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Financial Derivatives in Theory and Practice / Edition 1

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Overview

The term Financial Derivative is a very broad term which has come to mean any financial transaction whose value depends on the underlying value of the asset concerned. Sophisticated statistical modelling of derivatives enables practitioners in the banking industry to reduce financial risk and ultimately increase profits made from these transactions.

The book originally published in March 2000 to widespread acclaim. This revised edition has been updated with minor corrections and new references, and now includes a chapter of exercises and solutions, enabling use as a course text.

  • Comprehensive introduction to the theory and practice of financial derivatives.
  • Discusses and elaborates on the theory of interest rate derivatives, an area of increasing interest.
  • Divided into two self-contained parts—the first concentrating on the theory of stochastic calculus, and the second describes in detail the pricing of a number of different derivatives in practice.
  • Written by well respected academics with experience in the banking industry.

A valuable text for practitioners in research departments of all banking and finance sectors. Academic researchers and graduate students working in mathematical finance.

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Product Details

Table of Contents

Preface to revised edition.

Preface.

Acknowledgements.

Part I: Theory.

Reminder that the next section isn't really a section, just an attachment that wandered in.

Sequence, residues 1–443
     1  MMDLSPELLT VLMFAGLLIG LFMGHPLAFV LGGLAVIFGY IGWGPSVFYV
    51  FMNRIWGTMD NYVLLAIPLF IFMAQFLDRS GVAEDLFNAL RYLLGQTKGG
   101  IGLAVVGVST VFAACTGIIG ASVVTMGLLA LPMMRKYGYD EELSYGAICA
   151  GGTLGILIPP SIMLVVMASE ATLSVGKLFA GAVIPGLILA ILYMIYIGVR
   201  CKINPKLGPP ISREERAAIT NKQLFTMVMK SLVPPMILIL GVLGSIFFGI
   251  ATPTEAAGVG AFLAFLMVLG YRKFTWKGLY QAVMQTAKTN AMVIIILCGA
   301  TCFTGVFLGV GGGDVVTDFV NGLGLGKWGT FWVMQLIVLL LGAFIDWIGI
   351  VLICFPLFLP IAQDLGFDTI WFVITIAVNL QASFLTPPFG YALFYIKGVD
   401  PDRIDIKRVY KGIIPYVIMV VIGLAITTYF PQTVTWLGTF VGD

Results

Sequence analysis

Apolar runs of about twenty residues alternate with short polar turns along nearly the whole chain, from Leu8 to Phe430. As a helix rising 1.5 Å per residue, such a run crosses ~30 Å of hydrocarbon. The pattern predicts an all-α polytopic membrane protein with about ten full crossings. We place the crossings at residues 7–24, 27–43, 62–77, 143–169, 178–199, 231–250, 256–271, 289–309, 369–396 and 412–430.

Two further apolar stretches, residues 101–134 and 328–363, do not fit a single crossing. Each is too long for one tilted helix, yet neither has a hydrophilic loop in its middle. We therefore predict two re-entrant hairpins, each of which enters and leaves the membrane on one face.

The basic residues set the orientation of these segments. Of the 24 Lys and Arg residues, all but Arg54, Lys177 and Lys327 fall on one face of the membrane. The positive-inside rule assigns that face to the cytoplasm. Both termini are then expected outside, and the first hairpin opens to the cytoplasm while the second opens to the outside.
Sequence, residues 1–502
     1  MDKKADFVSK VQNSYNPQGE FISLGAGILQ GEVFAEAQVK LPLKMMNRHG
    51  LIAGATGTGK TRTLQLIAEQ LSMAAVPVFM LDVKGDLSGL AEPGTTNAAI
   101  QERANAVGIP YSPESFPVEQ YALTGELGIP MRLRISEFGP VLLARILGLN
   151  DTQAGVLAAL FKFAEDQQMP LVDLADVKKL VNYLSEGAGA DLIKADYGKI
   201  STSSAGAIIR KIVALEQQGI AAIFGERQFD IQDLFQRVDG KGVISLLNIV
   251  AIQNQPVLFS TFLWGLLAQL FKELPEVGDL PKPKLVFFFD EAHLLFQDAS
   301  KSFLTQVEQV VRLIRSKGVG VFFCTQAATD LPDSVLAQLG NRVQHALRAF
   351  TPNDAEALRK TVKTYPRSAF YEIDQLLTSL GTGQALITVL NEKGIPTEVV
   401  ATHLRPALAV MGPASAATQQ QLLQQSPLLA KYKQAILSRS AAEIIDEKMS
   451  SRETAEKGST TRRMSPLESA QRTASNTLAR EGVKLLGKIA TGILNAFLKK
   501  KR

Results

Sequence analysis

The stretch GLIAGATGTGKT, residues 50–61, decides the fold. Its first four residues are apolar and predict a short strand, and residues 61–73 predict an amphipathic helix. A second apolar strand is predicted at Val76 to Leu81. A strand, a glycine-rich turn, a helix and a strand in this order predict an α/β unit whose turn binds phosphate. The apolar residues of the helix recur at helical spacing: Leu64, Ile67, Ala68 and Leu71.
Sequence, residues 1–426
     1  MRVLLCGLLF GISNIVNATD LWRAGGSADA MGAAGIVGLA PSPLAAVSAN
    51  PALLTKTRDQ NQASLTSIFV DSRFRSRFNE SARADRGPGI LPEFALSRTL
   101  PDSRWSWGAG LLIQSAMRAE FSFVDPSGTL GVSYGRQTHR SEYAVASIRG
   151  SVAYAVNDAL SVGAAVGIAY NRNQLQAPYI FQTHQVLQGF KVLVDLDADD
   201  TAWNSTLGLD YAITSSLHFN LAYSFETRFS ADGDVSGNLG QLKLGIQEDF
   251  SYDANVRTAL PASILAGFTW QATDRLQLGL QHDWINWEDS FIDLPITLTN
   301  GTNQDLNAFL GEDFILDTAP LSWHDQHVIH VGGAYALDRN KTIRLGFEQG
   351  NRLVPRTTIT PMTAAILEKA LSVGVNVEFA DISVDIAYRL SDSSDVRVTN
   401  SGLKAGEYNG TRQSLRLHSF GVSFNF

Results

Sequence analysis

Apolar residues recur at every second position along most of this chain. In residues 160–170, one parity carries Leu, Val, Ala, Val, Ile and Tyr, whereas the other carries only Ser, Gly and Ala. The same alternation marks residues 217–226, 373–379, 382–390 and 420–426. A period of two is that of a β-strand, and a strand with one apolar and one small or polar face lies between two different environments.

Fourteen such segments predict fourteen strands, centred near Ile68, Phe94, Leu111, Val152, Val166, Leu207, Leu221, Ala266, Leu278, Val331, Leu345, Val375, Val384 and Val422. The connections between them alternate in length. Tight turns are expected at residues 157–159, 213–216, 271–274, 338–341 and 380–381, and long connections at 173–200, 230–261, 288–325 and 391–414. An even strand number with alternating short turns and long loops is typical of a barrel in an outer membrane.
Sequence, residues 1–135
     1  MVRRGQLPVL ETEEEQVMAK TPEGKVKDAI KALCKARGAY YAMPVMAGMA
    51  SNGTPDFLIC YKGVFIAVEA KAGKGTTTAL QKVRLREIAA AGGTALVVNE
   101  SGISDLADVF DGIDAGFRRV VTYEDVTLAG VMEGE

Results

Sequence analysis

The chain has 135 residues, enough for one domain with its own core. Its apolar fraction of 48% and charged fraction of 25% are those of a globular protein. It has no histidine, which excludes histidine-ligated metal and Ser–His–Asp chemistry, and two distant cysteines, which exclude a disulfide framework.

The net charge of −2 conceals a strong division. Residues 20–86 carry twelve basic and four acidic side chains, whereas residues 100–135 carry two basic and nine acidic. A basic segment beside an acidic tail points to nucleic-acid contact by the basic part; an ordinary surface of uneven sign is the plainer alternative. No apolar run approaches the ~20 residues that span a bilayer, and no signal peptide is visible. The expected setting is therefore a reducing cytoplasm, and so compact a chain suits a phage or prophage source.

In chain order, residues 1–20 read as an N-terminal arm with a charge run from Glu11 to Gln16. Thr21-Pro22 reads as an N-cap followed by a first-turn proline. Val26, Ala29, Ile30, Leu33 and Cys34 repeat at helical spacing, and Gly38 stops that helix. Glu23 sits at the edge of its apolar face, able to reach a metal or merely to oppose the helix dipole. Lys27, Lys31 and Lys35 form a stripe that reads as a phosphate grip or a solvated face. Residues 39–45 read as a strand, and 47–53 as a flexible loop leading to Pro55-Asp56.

1 Single-Period Option Pricing.

1.1 Option pricing in a nutshell.

1.2 The simplest setting.

1.3 General one-period economy.

1.4 A two-period example.

2 Brownian Motion.

2.1 Introduction.

2.2 Definition and existence.

2.3 Basic properties of Brownian motion.

2.4 Strong Markov property.

3 Martingales.

3.1 Definition and basic properties.

3.2 Classes of martingales.

3.3 Stopping times and the optional sampling theorem.

3.4 Variation, quadratic variation and integration.

3.5 Local martingales and semimartingales.

3.6 Supermartingales and the Doob—Meyer decomposition.

4 Stochastic Integration.

4.1 Outline.

4.2 Predictable processes.

4.3 Stochastic integrals: the L2 theory.

4.4 Properties of the stochastic integral.

4.5 Extensions via localization.

4.6 Stochastic calculus: Itô’s formula.

5 Girsanov and Martingale Representation.

5.1 Equivalent probability measures and the Radon—Nikodým derivative.

5.1.1 Basic results and properties.

5.2 Girsanov’s theorem.

5.3 Martingale representation theorem.

6 Stochastic Differential Equations.

6.1 Introduction.

6.2 Formal definition of an SDE.

6.3 An aside on the canonical set-up.

6.4 Weak and strong solutions.

6.5 Establishing existence and uniqueness: Itô theory.

6.6 Strong Markov property.

6.7 Martingale representation revisited.

7 Option Pricing in Continuous Time.

7.1 Asset price processes and trading strategies.

7.2 Pricing European options.

7.3 Continuous time theory.

7.4 Extensions.

8 Dynamic Term Structure Models.

8.1 Introduction.

8.2 An economy of pure discount bonds.

8.3 Modelling the term structure.

Part II: Practice.

9 Modelling in Practice.

9.1 Introduction.